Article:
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Monthly Market Update - January 2023


The new year has started with a bout of optimism, which seems to be mostly related to China relaxing its COVID restrictions, Europe avoiding an energy crisis and hopes that the US economy can avoid a hard landing.

The ‘China reopening trade’ has seen emerging markets rally, along with commodity prices. In turn the Australian market has also rallied, with resources making up over 30% of the local market. European markets have been strong over the past quarter, after an energy crisis was avoided, due to LNG imports and a relatively mild winter. In the US, headline inflation has been falling and there is hope that the US Federal Reserve (the Fed) is nearing the end of its rate hiking cycle.

The Fed seems headed for a ~5.00% cash rate by mid-2023 but the trajectory of inflation remains uncertain and there is still a fair way to go to target (6.5% to 2%). There is a risk that the Fed goes higher and for longer than the market expects. Meanwhile, the US will soon hit its self-imposed public debt limit of US$31.4 trillion, paving the way for another ‘showdown’ between the Democrats and the Republicans over the US budget deficit. This debate seems to get more bitter each time, but something does need to be done about the never-ending budget deficits, particularly now the cost of public debt has risen with higher bond yields.

Despite US growth and employment remaining robust to date, the US yield curve is clearly inverse, meaning long term interest rates are lower than short term interest rates. Over the past 50 years, an inverse yield curve has always correctly predicted that a US recession is ahead. In addition, EPS growth for the S&P 500 companies has just turned negative, which is another warning sign. As you might have guessed, we remain cautious on this bout of January optimism and think there are going to be some challenges ahead in the inflation battle.


Australia continues to benefit from strong demand for key commodities (iron ore, coal and LNG) and it also has the clean energy metals the world needs (copper, nickel, rare earths and lithium). There are also signs that diplomatic relations are improving between Australia and China, with coal restrictions recently eased and hope that other tariffs will soon be lifted (wine, beef, lobster).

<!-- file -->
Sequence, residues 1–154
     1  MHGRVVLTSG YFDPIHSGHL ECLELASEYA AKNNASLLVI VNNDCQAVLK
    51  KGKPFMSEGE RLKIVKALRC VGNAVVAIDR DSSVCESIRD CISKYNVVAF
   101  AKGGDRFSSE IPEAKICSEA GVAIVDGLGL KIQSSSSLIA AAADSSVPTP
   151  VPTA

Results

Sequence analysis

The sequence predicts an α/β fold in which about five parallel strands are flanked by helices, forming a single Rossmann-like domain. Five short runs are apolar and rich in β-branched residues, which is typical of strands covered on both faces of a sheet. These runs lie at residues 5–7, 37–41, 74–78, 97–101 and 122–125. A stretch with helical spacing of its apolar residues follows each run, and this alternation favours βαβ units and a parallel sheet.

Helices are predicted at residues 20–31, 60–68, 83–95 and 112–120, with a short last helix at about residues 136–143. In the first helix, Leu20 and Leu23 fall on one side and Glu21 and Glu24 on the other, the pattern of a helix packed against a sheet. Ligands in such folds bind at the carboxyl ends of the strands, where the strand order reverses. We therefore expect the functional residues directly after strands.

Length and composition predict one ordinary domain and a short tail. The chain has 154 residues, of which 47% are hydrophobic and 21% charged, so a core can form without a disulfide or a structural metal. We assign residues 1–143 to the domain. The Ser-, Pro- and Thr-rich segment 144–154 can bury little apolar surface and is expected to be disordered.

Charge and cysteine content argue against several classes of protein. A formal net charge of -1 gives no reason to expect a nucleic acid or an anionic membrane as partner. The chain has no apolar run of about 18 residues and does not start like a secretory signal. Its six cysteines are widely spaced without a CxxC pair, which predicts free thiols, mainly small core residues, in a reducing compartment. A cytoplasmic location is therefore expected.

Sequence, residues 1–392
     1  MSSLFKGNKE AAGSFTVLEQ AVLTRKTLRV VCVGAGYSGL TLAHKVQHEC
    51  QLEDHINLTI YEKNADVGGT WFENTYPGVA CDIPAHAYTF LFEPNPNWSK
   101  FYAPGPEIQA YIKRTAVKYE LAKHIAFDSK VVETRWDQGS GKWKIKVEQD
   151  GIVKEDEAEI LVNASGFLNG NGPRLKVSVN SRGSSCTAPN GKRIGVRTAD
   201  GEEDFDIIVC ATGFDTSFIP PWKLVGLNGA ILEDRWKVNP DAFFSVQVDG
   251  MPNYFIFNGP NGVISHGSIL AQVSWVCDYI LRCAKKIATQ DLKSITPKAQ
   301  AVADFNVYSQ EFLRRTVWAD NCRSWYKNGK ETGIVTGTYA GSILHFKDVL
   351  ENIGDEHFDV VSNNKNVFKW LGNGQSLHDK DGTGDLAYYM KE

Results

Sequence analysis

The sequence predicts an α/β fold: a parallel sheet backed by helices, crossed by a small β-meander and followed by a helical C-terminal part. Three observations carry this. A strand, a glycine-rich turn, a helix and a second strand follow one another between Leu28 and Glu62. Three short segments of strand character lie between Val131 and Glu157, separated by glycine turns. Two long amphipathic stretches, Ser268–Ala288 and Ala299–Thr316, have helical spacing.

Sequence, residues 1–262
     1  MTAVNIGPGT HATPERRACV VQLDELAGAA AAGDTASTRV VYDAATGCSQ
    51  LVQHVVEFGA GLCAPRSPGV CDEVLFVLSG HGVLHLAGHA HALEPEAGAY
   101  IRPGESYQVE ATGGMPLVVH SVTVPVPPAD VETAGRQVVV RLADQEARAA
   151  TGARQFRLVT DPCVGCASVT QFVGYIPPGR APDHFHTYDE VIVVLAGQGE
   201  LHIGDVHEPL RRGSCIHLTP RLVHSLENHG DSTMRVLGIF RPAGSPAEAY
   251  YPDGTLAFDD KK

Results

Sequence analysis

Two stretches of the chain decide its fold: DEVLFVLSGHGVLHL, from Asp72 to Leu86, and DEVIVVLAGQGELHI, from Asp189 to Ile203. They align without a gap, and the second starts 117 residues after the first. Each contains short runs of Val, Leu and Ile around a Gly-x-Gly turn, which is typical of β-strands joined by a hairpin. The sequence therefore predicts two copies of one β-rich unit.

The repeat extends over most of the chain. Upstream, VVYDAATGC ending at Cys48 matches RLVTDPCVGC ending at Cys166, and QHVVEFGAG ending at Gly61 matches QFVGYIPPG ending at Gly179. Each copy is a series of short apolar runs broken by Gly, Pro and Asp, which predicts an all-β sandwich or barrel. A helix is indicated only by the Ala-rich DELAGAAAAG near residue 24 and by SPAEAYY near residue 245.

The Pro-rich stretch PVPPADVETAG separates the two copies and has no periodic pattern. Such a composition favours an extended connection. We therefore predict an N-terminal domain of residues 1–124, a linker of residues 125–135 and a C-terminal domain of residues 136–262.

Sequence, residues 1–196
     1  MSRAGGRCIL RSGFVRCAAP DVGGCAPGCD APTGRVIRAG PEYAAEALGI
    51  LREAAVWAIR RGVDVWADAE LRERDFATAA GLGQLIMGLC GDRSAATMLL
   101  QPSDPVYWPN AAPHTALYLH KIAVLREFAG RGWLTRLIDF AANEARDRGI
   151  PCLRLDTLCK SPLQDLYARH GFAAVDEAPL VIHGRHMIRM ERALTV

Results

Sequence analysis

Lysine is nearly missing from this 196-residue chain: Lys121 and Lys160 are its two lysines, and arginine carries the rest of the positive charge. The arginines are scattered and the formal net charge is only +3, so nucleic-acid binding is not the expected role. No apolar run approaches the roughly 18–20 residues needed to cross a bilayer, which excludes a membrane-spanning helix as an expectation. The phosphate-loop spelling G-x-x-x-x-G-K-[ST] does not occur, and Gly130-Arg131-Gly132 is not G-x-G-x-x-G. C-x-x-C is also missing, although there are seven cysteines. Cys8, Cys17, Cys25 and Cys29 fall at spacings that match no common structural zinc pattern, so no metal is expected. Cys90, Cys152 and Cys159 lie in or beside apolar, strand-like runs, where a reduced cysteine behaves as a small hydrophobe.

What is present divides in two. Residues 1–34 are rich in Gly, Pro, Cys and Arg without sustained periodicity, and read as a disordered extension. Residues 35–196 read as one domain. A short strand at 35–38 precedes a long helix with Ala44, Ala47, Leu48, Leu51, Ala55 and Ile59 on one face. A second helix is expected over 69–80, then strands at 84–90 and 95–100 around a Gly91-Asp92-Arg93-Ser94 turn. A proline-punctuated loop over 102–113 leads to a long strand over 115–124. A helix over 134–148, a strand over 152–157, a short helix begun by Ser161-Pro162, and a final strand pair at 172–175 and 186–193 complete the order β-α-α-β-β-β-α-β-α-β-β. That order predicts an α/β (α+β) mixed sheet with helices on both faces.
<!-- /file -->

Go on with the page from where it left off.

The Australian economy has been resilient thus far, boosted by commodity export windfalls and resilient consumer spending. But interest rates have been rising at a rapid pace and households are yet to face the full impact of higher home loan rates coupled with rising energy costs and expenses generally.

To some extent the resilience of the Australian economy is a problem for the Reserve Bank of Australia (RBA) as it is likely to keep inflation high. Headline inflation recently printed at 7.8%, while core inflation was 6.9%, both uncomfortable readings for the RBA. In turn, the RBA has lifted the cash rate to 3.35% and has flagged further rate hikes ahead. The market now expects the terminal cash rate to be 4.25% by October 2023. This is well above previous expectations (3.60%) and will add further pressure on households via the variable home loan rate.


The US, Europe and Australian economies are proving resilient thus far and China’s reopening seems a major positive. However, buoyant growth and commodity prices are not good for the inflation outlook and are likely to cause Central Banks to go ‘higher for longer’ on interest rates.

We think the market is cheering the growth story but is ignoring the interest rate story. Our major concern is that the full impact of higher interest rates and costs are yet to fully impact households, due to a drawdown in savings. We think the full impact will arrive by the second half of 2023 and consumer spending will fall significantly (as Central Banks intend). Consumption makes up ~70% of demand in developed economies and will have a material impact on economic growth.

Accordingly, we expect challenging conditions ahead before inflation returns to target. We think interest rates will stay high for most of 2023 and won’t be eased until 2024. We remain invested but positioned defensively and will be on the lookout for opportunities as they arise.

The next key events on the calendar include:

  • Australian 1H23 reporting season – February 2023

  • RBA meeting – 7 March 2023

  • Fed meeting – 21/22 March 2023

Bill Keenan

Principal, Portfolio Manager

Bill Keenan is the founder of Sunbird Portfolios. Sunbird provides independent advice to leading financial advisers across Australia.

Bill has 28 years’ experience in financial markets and holds a Bachelor of Business in Accounting and a Graduate Diploma in Finance and Investment.


General Securities Advice - any advice provided in this document, is general in nature only and does not take into consideration an investor’s objectives, financial situation or needs. Before acting on the advice, the reader must consider whether it is personally appropriate considering his or her financial circumstances or should seek independent financial advice on its appropriateness.

Past performance is not a reliable indicator of future performance.

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